Wolf-Ferrari - Il segreto di Susanna / Poulenc - La Voix Humaine

Opéra Comique, Paris, Tuesday March 26 2013

Conductor: Pascal Rophé. Production: Ludovic Lagarde. Sets: Antoine Vasseur. Video: Lidwine Prolonge. Costumes: Fanny Brouste. Lighting: Sébastien Michaud. Contessa Susanna; Elle: Anna Caterina Antonacci. Conte Gil: Vittorio Prato. Sante: Bruno Danjoux. Orchestre Philharmonique du Luxembourg.

The double bill of Il segreto di Susanna and La Voix Humaine is a good example of the Opéra Comique’s interesting programming, making up for less interesting schedules at the ONP in recent seasons and the near abandon of opera - temporarily, perhaps - at the Châtelet. Of course I’d never had a chance to see the former. Less obviously, in over 30 years of opera in Paris I’d never even seen the quintessentially Parisian Poulenc. Inevitably, this being so, I had Denise Duval in my mind and ears.

Poulenc
Fortunately, Anna-Caterina Antonacci was completely different in almost every way: different yet perfect, bringing a role fairly firmly anchored in late 50s Paris right up to the present day. Antonacci’s Elle is (unexpectedly, really, when you've seen her as Cassandre) cool, contemporary, universal (i.e. less obviously French), natural and un-histrionic, relatively robust, but right; and the role is a perfect fit for her voice today – a voice quite different in character from Duval’s of course, darker, grainier… and again, contemporary, just as Duval’s was unmistakeably of its time (with pronunciation you no longer hear).

French daily Le Figaro put it like this: “[Anna-Caterina Antonacci] colours her voice to suit each word with supreme artistry, leaving us speechless. This variety of inflection, of accentuation, is proof that for her the tragedienne’s art is not one of convulsions and cries, but of classical discipline.” (More surprisingly, especially for Le Figaro, the article continues: “Which enables her to temper the exasperating aspects of this whiner” - or moaning Minnie, I suppose you might say - “and endow her with unusual dignity.”)

A lady leaving at the end put it more succinctly: "Sensationnelle," she said.

With the text to focus on (Antonacci's diction continues to wow French audiences) I'm not sure La Voix Humaine really needs much staging. Here it was set in a modern flat made up of interlocking white boxes, with one or two transparent or mirrored walls, in creamy light. On a couple of the walls were large flat screens showing black and white videos very visibly inspired by Man Ray's famous photo of an eye crying glass tears. The contemporary setting naturally made for some clashes with the text, as we no longer tussle with operators and crossed lines (though we now tussle with other things). The flat rotated so Elle could walk from room to room, or phone to (wireless) phone, dressed mainly in La Perla-style silks in old rose and dappled grey, sometimes with a pale yellow coat on top, once with a little cyclamen blouson. We saw her living room, her bathroom with a fancy walk-around tub filled to the brim, and her bedroom, where a fridge-freezer filled with plastic bottles of mineral water (she drank from one) stood incongruously in a corner.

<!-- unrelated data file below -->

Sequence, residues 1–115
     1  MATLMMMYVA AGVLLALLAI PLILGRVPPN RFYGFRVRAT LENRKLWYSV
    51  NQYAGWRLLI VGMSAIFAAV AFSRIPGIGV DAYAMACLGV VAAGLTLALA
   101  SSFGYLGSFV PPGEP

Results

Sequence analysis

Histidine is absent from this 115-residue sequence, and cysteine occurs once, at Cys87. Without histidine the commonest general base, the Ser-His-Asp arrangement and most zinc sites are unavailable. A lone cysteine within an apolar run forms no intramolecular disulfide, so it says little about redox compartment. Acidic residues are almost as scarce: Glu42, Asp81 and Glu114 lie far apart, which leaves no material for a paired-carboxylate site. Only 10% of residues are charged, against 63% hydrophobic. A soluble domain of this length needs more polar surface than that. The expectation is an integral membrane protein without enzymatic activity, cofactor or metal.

Overall, the rotating and videos and walking about were a distraction. It might have been better to rotate the flat in Il segreto di Susanna, which has something of the bedroom farce about it but was played in a single, static space, and keep it still for La Voix.

Wolf-Ferrari
Susanna, a fairly sophisticated bit of fluff with a sparkling score, was played, of course, first. The same living room was here a vestibule with a long, white ottoman, gouged open in a flurry of feathers when the jealous count was looking for... his umbrella, then covered with a quilt and one of those orange sheepskin rugs we all had in those days: the period was here late 60s or early 70s, with some sleek Scandinavian props (e.g. the tall, slender chocolate pot Susanna saved from her husband's wrath), acid-drop lighting: pink, blue, yellow, violet... and the count's red shirt collar splayed well over his jacket lapels. The farce (Susanna's secret is not that she has a lover who smokes, which is what the count thinks when he smells tobacco, but that she smokes herself) was played out with gentle good humour and connivance between Susanna and her manservant, and cloud upon cloud of stage smoke. The work is presumably banned in the US. Anna-Caterina Antonacci was her usual, natural-looking self, projecting such presence you had eyes for no-one else. Vittorio Prato looked young and a touch gawky beside her, but as my neighbour said, with Antonacci on stage what hope has anyone else of existing? I'm not keen on tight vibrato, personally, but my companions liked him a lot, the ladies especially.

My neighbour to the right also liked the relatively robust playing of the Luxembourg orchestra under Pascal Rophé, but I'd tend to agree with the critics who found it too robust, at risk at times of drowning the singers.

Maestro Wenarto sings the end of La Voix Humaine.

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